This may seem ill-timed, as it’s the time of year when people bitterly insist it’s too early to think about Christmas, but:
- It may involve making plane & hotel reservations, and you’ll save money by doing this in advance
- It doesn’t really have a whole lot to do with Christmas
The Christmas Bride, a romantic musical I wrote with MK Wolfe some years ago, will get its third production, this time in Portland, Maine December 15-21 at Lucid Stage. I endeavored mightily to create a new orchestration for this mounting, and the new cast features David Bachrach, a member of the original New York cast, in a different role. Unlike the last production, in Pennsylvania, Al D’Andrea, who was so instrumental to the show’s creation as the first director, will stage the New England premiere.
The show was my sixth musical to be produced over a prodigious seven-year period. Then, as now, I had an unshakable desire to have every new project be as different as possible from my previous works. So, for me, The Christmas Bride was the opportunity to exercise my romantic muscle, to write a passionate and unironic love story. MK Wolfe fashioned a story that contrasted various kinds of love that exist in life:
- There’s the love one feels for one’s family, and growing up involves leaving the nest at some point.
- There’s the sort of love one associates with duty, the devotion you give to someone because you’re supposed to.
- There’s the love that takes such a hold of you, suddenly you’re willing to break all the rules, and those other kinds of love seem pretty pallid by comparison.
The departure point for our tale was a novella by Charles Dickens, The Battle of Life. But the beats of the plot are truly an MK Wolfe creation. Nineteenth century England proved an inspirational setting, because it’s far enough from our mundane world for passionate declarations and actions to feel natural, yet close enough to express things that romantically-minded people feel today. Before this collaboration, I’d run into various problems with librettists: nothing untoward; they just weren’t frequently providing me with what I needed to do my best work. MK Wolfe’s understanding of drama meant that the script built to a large number of conflict points where characters could burst into song since the emotions were too fraught for mere words to do. So, at last, I was provided with the meaty material on which interesting and involving songs can be based.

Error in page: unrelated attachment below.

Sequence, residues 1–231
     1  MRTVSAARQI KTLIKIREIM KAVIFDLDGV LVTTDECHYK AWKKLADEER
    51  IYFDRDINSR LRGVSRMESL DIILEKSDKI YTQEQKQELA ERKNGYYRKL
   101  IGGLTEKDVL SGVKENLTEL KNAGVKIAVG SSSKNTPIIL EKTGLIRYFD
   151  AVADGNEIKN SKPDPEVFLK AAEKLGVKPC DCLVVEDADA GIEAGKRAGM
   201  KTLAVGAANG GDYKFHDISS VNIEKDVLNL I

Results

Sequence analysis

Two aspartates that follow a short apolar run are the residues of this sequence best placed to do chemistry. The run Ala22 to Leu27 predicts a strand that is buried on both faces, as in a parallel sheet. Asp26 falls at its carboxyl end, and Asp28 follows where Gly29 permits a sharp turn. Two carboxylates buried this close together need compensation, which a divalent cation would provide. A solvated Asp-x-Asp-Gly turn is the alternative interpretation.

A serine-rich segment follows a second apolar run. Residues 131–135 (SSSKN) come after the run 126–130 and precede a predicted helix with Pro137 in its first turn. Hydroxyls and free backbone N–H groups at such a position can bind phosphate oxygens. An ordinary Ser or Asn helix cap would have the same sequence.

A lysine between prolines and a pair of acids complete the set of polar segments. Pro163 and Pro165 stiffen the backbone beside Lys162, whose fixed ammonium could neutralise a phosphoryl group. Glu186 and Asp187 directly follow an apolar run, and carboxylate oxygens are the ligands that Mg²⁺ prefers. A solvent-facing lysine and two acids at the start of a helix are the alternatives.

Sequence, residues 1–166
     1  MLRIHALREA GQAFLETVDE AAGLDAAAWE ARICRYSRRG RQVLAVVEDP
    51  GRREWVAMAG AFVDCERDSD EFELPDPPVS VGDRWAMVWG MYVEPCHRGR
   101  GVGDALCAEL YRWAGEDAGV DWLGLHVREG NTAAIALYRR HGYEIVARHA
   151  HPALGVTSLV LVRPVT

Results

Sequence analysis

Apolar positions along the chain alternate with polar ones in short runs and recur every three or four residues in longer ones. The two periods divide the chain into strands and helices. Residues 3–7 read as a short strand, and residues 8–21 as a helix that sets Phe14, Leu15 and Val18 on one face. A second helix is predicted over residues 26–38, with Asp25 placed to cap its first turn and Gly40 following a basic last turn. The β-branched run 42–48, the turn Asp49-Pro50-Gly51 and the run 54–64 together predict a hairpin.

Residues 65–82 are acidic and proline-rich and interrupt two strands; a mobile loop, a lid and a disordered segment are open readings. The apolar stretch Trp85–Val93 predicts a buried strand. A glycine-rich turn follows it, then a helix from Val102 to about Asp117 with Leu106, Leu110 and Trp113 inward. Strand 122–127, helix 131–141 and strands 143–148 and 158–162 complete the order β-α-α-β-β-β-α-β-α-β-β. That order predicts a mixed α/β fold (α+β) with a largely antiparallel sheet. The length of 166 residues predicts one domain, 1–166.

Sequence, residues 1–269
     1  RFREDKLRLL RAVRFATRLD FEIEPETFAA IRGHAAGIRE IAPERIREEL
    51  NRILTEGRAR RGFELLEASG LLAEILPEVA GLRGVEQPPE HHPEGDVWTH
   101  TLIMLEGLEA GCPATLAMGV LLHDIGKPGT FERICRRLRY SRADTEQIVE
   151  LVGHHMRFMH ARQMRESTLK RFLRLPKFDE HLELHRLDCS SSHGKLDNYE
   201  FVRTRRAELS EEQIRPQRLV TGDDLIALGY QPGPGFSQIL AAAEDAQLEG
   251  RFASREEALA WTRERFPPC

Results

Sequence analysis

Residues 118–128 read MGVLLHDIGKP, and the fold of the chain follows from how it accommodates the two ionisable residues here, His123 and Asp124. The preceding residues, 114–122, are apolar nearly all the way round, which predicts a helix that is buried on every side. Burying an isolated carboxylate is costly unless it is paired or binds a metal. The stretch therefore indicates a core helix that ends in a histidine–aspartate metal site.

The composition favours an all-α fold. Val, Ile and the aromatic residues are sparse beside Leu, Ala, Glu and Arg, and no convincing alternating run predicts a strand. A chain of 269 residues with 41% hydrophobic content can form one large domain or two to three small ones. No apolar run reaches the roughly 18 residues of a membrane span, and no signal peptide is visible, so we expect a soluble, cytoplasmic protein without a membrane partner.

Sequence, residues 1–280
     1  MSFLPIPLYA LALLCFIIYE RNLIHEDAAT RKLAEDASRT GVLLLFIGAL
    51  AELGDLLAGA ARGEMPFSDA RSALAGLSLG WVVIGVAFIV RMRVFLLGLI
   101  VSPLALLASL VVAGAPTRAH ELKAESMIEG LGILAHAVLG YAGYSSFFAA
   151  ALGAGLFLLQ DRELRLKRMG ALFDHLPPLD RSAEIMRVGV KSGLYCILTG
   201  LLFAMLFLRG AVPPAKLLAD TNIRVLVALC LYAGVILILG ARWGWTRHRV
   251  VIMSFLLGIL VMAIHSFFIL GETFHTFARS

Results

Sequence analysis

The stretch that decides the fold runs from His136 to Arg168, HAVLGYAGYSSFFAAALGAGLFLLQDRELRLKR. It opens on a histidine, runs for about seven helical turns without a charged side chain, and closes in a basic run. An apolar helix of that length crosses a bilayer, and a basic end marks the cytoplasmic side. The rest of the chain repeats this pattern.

Here are two examples, and I hope they neither pin too many laurels on myself nor give away too much of the plot:
In the first act, the leading man is in the office of his two lawyers. They have news for him and he has news for them. The former is the seriousness of his gambling debts: he’s pursued by a Javert-like policeman and must flee the country to buy time to repair his estate. The latter is that he’s proposed marriage to a country lass with little dowry whose family is also among the law firm’s clients. The situation reminded me of an obscure musical theatre song I barely knew, To Look Upon My Love, from Kean.
What I like about the song is that it plays the romanticism of the Alfred Drake character off against the mundane and comic considerations of the financial advisor. For The Christmas Bride, then, I felt I might be able to give the leading man moments of lyrical and perhaps overblown ardor. The audience would accept them, and feel they’re real, because they’d simultaneously hear funny and fastidious concerns with finance. The Kean song, though, ends with the fiscal subject winning out over the song of love, and the music plays a disappointingly trite tag. In talking over the scene with Wolfe and director D’Andrea, we came up with a bigger, almost cinematic idea, involving the other man in the romantic triangle singing with his peculiar sort of devotion. We could comically contrast the way the two men see the heroine, and end with the love outlasting the monetary mundanity. More satisfying for the audience, I think, and it built to enthusiastic applause.
In the second act, the script gave me the opportunity to build a production number around the idea that someone who is addicted to gambling might be distracted from his main objective by the siren’s call of a casino table. A little research led to the happy discovery that roulette was the newest hot item on the London gambling scene in the 1800’s, which led me to a neat phrase, “the revolution of roulette.” So, our hero feels two gravitational pulls – the love he feels for the heroine, and the macho challenge laid down by his old cronies, degenerate gamblers. The audience, I hope, foresees the inevitable tragic turn but it should be one of those classical theatrical moments when you’re dying to run up on stage and slap some sense into the character. The tension set up by Wolfe’s libretto is filled with elements, both comic and dramatic, that I explored and amplified with my music. The whirl of the wheel (which the orchestration gives to a cello doing sixteenth note figures) also plays as the “ticking clock” one finds in film thrillers.
I wonder if I’ve said too much. Discussing The Christmas Bride, what it does, or what I hope it does, is one thing. Seeing it is another. I can provide a couple of demo recordings, but, as this is a work of musical theatre, with songs intricately connected to plot, character and dialogue, you really have to see it to get it. And so I urge you to set sail for Portland and take in a performance of this stirring musical romance, and find out what the hell I’m talking about.